Panel showed leniency to the LTTE?
The charge that the Panel ‘went soft’ on the LTTE is bewildering. The Panel’s legal findings indicate a willingness to impose the maximum possible obligations on the conduct of the LTTE.  For example, the Panel proceeded on the basis that certain human rights obligations bound non-state actors and by extension the LTTE[17] – a groundbreaking finding on an issue that is by no means settled in international law.

Conclusion
This piece has attempted to deal with some of the popular legal or legalistic challenges that have been leveled against the constitution, process and outcome of the Panel Report. It is notable that these challenges emanate exclusively from Sri Lanka – its government and its supporters. While the international community may be divided on the politics of international accountability, the legality of all aspects of the Panel’s formation and work have hardly ever been questioned outside the country. On the contrary, as evidenced by comments made by the brilliant up and coming ‘star’ of the international law firmament and co-editor of the website of the European Journal of International Law Marko Milanovic “[t]he report’s discussion of the applicable law and legal findings, at p. 52 et seq, seem [to me] to be more or less watertight. There are no flights of fancy here; even when broad or progressive, the legal findings are appropriately cautious when caution is warranted.”[18]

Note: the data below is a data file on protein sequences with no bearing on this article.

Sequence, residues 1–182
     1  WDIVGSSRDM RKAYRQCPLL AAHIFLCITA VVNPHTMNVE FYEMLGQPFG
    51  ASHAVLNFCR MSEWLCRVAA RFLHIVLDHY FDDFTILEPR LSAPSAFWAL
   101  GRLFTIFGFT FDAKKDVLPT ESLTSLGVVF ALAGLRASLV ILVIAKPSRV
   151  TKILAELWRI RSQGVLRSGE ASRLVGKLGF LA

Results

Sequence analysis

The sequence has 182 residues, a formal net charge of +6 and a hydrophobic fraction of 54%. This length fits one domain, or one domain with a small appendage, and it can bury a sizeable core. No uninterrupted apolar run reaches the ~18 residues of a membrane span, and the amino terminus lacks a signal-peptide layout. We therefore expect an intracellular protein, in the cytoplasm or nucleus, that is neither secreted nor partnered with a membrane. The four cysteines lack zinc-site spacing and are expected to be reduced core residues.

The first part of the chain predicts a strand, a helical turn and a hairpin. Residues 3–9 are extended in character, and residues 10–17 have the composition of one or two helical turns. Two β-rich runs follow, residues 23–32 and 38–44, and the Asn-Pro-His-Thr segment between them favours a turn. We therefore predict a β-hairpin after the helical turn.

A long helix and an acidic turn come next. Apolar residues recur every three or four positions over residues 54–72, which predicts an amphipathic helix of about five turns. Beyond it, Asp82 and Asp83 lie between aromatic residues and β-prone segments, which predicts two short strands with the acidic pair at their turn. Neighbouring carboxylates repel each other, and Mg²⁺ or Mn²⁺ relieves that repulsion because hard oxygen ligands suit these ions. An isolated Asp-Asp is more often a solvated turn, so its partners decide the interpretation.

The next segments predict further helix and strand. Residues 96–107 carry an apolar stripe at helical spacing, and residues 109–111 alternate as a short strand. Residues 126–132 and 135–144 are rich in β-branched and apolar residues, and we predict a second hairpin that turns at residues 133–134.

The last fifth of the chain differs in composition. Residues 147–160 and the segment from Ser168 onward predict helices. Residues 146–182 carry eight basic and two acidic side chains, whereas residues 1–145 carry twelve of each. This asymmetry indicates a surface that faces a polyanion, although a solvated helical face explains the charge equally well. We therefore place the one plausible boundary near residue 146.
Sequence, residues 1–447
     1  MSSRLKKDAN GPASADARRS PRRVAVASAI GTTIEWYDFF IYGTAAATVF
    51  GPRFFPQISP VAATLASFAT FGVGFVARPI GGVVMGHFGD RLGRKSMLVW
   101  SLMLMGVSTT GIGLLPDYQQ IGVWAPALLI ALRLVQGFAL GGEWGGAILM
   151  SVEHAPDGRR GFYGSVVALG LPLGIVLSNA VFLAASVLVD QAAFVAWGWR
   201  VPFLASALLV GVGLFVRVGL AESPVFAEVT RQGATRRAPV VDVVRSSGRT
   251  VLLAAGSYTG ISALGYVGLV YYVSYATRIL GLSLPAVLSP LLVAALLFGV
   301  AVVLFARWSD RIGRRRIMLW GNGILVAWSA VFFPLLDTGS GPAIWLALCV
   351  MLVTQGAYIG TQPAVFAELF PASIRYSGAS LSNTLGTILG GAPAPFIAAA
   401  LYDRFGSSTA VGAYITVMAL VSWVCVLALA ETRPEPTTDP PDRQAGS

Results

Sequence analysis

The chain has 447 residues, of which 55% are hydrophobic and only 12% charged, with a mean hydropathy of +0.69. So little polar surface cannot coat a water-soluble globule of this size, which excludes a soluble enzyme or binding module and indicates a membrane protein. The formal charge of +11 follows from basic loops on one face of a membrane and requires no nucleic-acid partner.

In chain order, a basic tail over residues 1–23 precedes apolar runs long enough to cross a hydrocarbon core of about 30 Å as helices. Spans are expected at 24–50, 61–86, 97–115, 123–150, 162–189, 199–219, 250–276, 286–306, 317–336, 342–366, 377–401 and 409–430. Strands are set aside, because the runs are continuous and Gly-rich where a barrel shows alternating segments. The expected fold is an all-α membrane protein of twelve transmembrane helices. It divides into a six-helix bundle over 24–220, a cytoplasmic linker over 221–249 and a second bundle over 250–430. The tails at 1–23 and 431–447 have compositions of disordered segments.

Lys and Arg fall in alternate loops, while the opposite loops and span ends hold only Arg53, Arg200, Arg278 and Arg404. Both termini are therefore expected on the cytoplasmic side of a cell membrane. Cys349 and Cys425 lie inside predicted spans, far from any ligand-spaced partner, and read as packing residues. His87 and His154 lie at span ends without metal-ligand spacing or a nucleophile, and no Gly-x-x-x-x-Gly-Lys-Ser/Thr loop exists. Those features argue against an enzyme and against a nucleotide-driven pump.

Authors note: Niran Anketell is an attorney-at-law based in Colombo. He read for his Masters degree in International Legal Studies at New York University as a Hauser Global Scholar and Fulbright Scholar. He has also worked at the Office of the International Co-Prosecutor in the Extraordinary Chambers in the Courts of Cambodia as a Fellow of International Law and Human Rights attached to the NYU Center for Human Rights and Global Justice.